Man of Steel #3 depicts the first meeting between Superman and Batman. Superman attempts to take Batman into custody but realizes that Batman must operate outside the law. Other post- Crisis comics show that the relationship between the two is a trusting one, despite the unease each feels due to the differences in their methods: Superman relies on trust and strength to achieve his goals in cooperation with the law, while Batman operates outside the law, relying on fear and his intellect.

Man of Steel also reduces the emphasis on Superman's Kryptonian heritage. Previous comic books depicted a Superman not only aware of his heritage but also as versed in its language, culture, and other elements. In Man of Steel #6, Superman first learns of his Kryptonian heritage as an adult when his birthing matrix generates a memory implant. While such Kryptonian technology is able to help bolster his knowledge, the revamped Superman is no longer a completely Kryptonian-educated man.


In 1992, DC Comics published the storyline The Death of Superman, in which Superman battles a monster of then-unknown origins called Doomsday. Both Superman and Doomsday are killed, taking each other down with their final blows. Funeral for a Friend follows The Death of Superman, chronicling Superman's funeral and examines other characters' reactions to the death of the hero.

Next, DC published the Reign of the Supermen storyline, during which four different characters — a new Superboy, the cyborg Man of Tomorrow, the brutal Last Son of Krypton and Steel — are introduced as Superman, although none of them actually are. A de-powered Kal-El later surfaces in a Kryptonian battle-suit near the end of Reign of the Supermen. After Steel and Linda Danvers destroy the battle-suit, Kal-El is revealed as the pilot, wearing a black costume with a silver 'S' shield and long hair. The cyborg allies with Mongul and destroys Coast City. Superman, Superboy, Supergirl, Steel, Hal Jordan and the Eradicator attack the "Engine City" built on top of Coast City, and the united Supermen defeat the Man of Tomorrow, who is exposed as scientist Hank Henshaw.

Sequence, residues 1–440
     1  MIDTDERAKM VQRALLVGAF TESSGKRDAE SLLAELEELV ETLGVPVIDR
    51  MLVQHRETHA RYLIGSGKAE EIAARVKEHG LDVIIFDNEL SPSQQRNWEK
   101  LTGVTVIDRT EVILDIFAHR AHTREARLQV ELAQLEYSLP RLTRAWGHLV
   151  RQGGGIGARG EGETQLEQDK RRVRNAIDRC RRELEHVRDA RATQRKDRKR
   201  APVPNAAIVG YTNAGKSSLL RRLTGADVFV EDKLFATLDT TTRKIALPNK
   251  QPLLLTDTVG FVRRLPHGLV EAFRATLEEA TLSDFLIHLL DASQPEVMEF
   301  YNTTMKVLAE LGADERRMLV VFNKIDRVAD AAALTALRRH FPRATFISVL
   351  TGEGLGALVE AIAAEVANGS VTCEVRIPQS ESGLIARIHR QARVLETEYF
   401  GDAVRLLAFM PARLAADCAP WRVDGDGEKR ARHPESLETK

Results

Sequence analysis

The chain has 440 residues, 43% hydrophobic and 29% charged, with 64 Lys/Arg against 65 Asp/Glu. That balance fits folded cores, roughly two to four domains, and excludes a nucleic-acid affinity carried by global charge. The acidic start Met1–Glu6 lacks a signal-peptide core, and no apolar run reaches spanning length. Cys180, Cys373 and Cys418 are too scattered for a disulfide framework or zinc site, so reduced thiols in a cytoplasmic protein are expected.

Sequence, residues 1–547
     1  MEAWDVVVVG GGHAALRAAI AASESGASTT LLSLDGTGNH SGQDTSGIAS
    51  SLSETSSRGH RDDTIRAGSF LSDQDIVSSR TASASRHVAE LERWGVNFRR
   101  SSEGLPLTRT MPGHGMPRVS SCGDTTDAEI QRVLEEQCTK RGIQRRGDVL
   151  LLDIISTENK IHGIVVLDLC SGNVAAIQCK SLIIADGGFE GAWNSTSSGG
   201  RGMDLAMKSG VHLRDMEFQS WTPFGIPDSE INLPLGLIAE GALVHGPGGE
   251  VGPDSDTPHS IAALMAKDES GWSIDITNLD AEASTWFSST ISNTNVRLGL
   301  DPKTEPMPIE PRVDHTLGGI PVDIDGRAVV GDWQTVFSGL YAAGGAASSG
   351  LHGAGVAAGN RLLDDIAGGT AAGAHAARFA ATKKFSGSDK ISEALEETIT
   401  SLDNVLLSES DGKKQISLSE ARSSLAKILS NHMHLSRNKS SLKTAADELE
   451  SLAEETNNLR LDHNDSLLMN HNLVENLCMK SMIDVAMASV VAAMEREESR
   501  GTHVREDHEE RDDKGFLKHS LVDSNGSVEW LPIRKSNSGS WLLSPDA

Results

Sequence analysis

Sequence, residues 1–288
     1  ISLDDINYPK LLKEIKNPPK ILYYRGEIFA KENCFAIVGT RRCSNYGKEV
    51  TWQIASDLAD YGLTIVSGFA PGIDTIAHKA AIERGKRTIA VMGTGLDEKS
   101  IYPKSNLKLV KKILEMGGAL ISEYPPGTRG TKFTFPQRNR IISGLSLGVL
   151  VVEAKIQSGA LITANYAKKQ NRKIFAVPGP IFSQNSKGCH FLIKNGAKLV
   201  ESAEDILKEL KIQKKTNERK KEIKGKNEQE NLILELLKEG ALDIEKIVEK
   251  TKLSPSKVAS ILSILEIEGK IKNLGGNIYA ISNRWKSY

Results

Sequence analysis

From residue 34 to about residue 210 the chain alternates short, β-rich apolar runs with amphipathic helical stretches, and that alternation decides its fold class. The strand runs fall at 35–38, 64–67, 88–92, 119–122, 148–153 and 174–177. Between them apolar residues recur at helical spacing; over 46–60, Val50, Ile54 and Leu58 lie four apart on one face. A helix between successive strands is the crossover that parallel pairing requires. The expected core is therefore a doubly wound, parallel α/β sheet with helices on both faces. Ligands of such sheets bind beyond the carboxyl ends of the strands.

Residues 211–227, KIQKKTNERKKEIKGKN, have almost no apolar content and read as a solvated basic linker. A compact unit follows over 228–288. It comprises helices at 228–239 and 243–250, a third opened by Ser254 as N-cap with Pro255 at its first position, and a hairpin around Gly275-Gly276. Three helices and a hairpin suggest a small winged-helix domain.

As in the original continuity, Lois Lane is Clark Kent/Superman's love interest, but this was the first time they were presented as a couple in any medium. After the Reign of the Supermen storyline, Lois and Clark are reunited. The television series Lois and Clark: The New Adventures of Superman took its cues from this incarnation of Superman. When they eventually marry in the mid-1990s special Superman: The Wedding Album, it coincided with the marriage of the two characters in the television show.


In 2004, DC published an updated version of Superman's origin in the 12-issue limited series Birthright. Written by Mark Waid, Birthright restores some of the pre- Crisis elements eliminated by John Byrne, including an emphasis on alien heritage.

The series was planned as an origin story meant to reconcile material published between Man of Steel and Birthright. It introduces elements from Superman adaptations such as Superman: The Animated Series and the Smallville television series and brings several Silver Age and some Golden Age concepts back into continuity. Unlike the previous Man of Steel origin, Birthright doesn't eliminate most of the previous Superman stories told, even making references to Man of Steel itself.

In Birthright, the "birthing matrix" is replaced by the more well-known rocketship, with Kal-El leaving Krypton as an infant rather than a fetus. Clark now possesses the ability to see a living being's " aura", Superman's identity has more facets than just Clark vs. Superman, instead his identities represent different aspects of his personality. "Smallville Clark" is the "true" Clark Kent, the one most comfortable with who he is and who he is with his parents. "Metropolis Clark" is quiet, fairly isolated, and shy, blending into the background and not drawing attention to himself. He often finds himself being the odd man out. Superman is also quiet, but rather than being seemingly harmless like Clark, he is a formidable force, tearing robot assault helicopters from the sky and dropping a drug lord's private yacht into his pool.

Infinite Crisis

In the 2005-2006 Infinite Crisis limited series (the sequel to the 1985-'86 limited series Crisis on Infinite Earths), the Earth-Two Superman (Kal-L) escapes from the "paradise" dimension with Alexander Luthor, Jr. and Superboy-Prime . Kal-L wants to recreate the universe, which he believes is corrupt, making aspects of Earth-Two predominant, rather than those of Earth-One. He believes this will also save the dying Lois Lane of Earth-2. Alexander Luthor builds a machine which re-creates Earth-2, transporting Kal-L and Lois there where Lois revives briefly before collapsing and dying. In grief, Kal-L lashes out at the Earth-One Superman, and the two fight until Wonder Woman arrives and ends their battle.

The two Supermen team up to confront Luthor and Superboy-Prime, whose plan to restore the Multiverse will kill billions of people. The pair willingly deplete their powers as they drag Superboy-Prime into Rao, Krypton's red sun, and use the last of their strength to defeat him on Mogo, the sentient Green Lantern planet. Fatally wounded in the battle, Kal-L dies in his cousin Power Girl's arms. He and Lois are buried next to the deceased Superboy.